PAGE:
Preventive detention a necessary evil only to prevent public disorder: Supreme Court | Daily Current Affairs 2021

Preventive detention a necessary evil only to prevent public disorder: Supreme Court

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Preventive Detention

Preventive Detention:  The Supreme Court held in a judgment on 2nd July 2021, that Preventive detention, the dreaded power of the State to restrain a person without trial, could be used only to prevent public disorder.

What has the apex court recently ruled?

  • Preventive detention is a necessary evil only to prevent public disorder.
  • The court must ensure that the facts brought before it directly and inevitably lead to harm, danger or alarm, or feeling of insecurity among the general public or any section thereof at large, a Bench, led by Justice Rohinton F. Nariman, observed.
  • The State should not arbitrarily resort to “preventive detention” to deal with all and sundry “law and order” problems, which could be dealt with by the ordinary laws of the country.
  • Preventive detention must fall within the four corners of Article 21 (due process of law) read with Article 22 (safeguards against arbitrary arrest and detention) and the statute in question.

What is Preventive Detention?

  • Preventive detention (PD) means detaining a person so that to prevent that person from commenting on any possible crime.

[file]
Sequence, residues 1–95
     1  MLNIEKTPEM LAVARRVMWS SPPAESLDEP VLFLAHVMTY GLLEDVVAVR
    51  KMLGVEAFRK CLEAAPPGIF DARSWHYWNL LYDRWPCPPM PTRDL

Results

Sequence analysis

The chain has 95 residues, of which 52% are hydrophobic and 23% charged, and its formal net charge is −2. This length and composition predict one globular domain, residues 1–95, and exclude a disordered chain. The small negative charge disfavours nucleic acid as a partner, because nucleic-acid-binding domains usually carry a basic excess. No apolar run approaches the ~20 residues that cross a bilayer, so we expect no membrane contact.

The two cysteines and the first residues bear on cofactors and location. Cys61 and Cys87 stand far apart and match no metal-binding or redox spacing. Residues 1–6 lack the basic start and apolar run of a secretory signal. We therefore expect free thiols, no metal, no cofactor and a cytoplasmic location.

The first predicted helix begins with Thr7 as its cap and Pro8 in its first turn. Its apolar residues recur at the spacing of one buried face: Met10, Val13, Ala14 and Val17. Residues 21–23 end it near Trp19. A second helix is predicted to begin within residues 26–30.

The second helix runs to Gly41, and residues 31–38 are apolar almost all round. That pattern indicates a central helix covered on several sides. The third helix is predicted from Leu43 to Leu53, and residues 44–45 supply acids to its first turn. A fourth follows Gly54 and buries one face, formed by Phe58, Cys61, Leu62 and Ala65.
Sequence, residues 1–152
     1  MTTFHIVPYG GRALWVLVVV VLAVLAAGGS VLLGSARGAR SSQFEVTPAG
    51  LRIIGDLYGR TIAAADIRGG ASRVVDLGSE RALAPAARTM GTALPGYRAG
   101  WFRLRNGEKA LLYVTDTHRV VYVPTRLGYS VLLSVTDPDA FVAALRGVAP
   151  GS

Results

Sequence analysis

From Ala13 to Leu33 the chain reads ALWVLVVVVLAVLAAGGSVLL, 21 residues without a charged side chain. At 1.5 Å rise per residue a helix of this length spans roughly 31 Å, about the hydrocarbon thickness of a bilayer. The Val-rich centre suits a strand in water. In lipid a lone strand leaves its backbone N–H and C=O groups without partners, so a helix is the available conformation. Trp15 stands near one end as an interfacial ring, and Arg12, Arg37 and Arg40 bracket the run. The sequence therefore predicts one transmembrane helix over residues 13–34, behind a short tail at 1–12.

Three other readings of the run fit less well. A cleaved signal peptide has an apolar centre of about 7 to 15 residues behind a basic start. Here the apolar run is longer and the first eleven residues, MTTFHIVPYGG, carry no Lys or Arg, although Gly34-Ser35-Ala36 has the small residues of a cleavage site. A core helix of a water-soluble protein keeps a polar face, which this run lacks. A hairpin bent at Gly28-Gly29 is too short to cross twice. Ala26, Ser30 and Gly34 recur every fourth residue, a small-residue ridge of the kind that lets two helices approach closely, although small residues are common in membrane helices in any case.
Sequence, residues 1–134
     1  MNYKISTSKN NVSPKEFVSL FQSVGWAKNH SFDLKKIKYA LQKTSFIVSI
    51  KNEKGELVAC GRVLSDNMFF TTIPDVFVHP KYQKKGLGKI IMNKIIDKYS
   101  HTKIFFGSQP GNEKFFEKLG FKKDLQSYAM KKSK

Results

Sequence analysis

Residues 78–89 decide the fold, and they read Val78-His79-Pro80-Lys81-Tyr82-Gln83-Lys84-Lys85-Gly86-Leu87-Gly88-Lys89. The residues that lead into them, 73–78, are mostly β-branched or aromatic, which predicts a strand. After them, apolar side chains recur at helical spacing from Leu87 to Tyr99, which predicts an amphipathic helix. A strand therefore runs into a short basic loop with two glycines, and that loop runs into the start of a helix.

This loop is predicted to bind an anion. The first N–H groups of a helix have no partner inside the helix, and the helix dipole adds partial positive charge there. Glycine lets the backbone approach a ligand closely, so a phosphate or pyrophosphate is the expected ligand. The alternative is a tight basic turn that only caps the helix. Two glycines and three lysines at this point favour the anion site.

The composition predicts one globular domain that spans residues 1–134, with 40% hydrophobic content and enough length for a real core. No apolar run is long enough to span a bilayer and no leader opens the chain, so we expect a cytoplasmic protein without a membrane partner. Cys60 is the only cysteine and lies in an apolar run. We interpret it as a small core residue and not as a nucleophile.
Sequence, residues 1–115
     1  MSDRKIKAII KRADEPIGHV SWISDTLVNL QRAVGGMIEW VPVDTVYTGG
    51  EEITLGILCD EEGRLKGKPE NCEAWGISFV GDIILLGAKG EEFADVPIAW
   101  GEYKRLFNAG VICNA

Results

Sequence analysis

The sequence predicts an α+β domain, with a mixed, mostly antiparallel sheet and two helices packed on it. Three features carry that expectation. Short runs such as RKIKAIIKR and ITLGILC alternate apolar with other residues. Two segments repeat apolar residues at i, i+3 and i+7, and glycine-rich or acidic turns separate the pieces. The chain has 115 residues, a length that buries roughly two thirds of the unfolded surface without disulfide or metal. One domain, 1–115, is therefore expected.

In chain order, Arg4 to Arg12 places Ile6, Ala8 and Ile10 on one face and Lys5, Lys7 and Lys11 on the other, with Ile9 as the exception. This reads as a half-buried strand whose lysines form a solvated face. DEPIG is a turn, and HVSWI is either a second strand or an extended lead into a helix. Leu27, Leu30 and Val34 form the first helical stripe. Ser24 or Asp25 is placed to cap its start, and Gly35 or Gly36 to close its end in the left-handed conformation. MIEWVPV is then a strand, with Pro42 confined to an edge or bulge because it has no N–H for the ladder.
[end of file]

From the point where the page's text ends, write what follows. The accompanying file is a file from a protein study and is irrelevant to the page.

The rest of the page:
• In other words, preventive detention is an action taken by the administration on the grounds of the suspicion that some wrong actions may be done by the person concerned which will be prejudicial to the state.

Preventive Detention in India:

  • Under Section 151 of The Criminal Procedure Code, 1973 (CrPC) preventive detention is an action taken on grounds of suspicion that some wrong actions may be done by the person concerned.
  • A police officer can arrest an individual without orders from a Magistrate and without any warrant if he gets any information that such an individual can commit any offense.
  • Article 22 of the Indian Constitution provides protection against arrest and detention in certain cases.

Issues with preventive detention:


  • The police determinations of whether a person poses a threat are not tested at a trial by leading evidence or examined by legally trained persons.

Rights violation:

  • Quite often, there is no trial (upto 3 months), no periodic review, and no legal assistance for the detained person.


  • It does not provide any procedural protections such as to reduce detainees’ vulnerability to torture and discriminatory treatment and to prevent officials’ misusing preventive detention for subversive activities.

Tool for suppression:

  • In the absence of proper safeguards, preventive detention has been misused, particularly against the Dalits and the minorities.

What is the difference between preventive detention and an arrest?

  • An ‘arrest’ is done when a person is charged with a crime. An arrested person is produced before a magistrate within the next 24 hours.
  • In the case of preventive detention, a person is detained as he/she is simply restricted from doing something that might deteriorate the law and order situation.

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